While reading the Gwinnett Daily Post online, a Daily Deal flashed before my eyes. "Sacks Thrift Avenue" the ad read. Now anything with the word "thrift" is going to get my attention, but a clever name like that is going to get me surfing to find out where this place is and what it's all about.
Unlike many thrift stores that are tucked into out of the way places with the name scrawled in poster paint on the window, Sacks Thrift Avenue's professionally designed and lighted sign stood right out in a busy shopping center at Pleasant Hill Road and Peachtree Industrial Blvd. in Duluth.
Inside, behind the counter, Katie Payne and Jessica Posten continually inspected their workspace to make sure everything was in perfect order. They were both wearing crisp oxford style shirts embroidered with the Sacks logo. The showcase contained elegant cut glass bowls, expensive looking jewelry and exotic figurines. More like the things you see in an upscale consignment shop.
"We have a big thrift store look with a department store comfort zone," Chief Operating Officer Wes Gore said.
"Our two mantras are "new, used and slightly abused" and "mild to wild" to describe the variety we have here," Chief Financial Officer Mike O'Kane said, noting that he and Gore plan to open five more Sacks stores in the metro area.
Sterling Deeb, Purchasing Director, gave me the grand tour. Most of the merchandise is new, he told me, purchased at auctions and close-out sales. Quality used items come from estate sales, companies that have gone out of business and abandoned storage lockers.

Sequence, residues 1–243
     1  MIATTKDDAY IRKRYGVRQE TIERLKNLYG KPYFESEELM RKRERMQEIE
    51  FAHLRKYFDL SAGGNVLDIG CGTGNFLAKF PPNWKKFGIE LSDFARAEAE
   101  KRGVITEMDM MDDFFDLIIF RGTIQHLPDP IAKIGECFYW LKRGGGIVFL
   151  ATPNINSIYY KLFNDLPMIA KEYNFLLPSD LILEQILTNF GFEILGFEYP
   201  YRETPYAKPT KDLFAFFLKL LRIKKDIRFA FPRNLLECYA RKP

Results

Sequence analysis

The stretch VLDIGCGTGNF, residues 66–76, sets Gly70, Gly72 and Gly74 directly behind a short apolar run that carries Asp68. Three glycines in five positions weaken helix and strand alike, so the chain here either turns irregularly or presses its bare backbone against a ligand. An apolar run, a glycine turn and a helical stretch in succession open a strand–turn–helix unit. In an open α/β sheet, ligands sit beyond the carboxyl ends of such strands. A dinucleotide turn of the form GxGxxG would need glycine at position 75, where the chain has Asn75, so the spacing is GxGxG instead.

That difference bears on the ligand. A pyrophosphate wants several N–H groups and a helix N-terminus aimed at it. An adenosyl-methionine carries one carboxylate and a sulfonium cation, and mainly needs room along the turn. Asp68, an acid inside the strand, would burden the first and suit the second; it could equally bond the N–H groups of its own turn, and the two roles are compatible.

"Our prices range from 10 cents to over $10,000," Deeb said.
I spotted dozens of items for under a dollar: toys, bath salts, bandannas and various packs of nuts, bolts and screws.
The seemingly endless shelves of more than 10,000 books are all priced at 60 percent off and include hundreds of new titles bought from a recently closed bookstore.
As we strolled through the 10,000 items of clothing, most of which were new, Deeb noted that all used clothes and linens are washed and dried on the premises prior to being hung on the rack. Sheets and towels are rolled and neatly stacked on shelves, which Sacks employees patrol to make sure everything is always in place.
The more upscale merchandise is displayed in designer fashion in an area called The Avenue. The walls are decked with mostly mild original paintings and signed and numbered prints. For those with bolder tastes, a Hooker bar shaped like a boat, a Lenzkirch clock and a pool table with ram's head legs and leather drop pockets all sport at least four-figure price tags. And then there's the upright piano with a stained glass front panel and built-in adjustable brass candlesticks on either side. How wild.
Susan Larson is a writer who lives in Lilburn. Email her at firstname.lastname@example.org.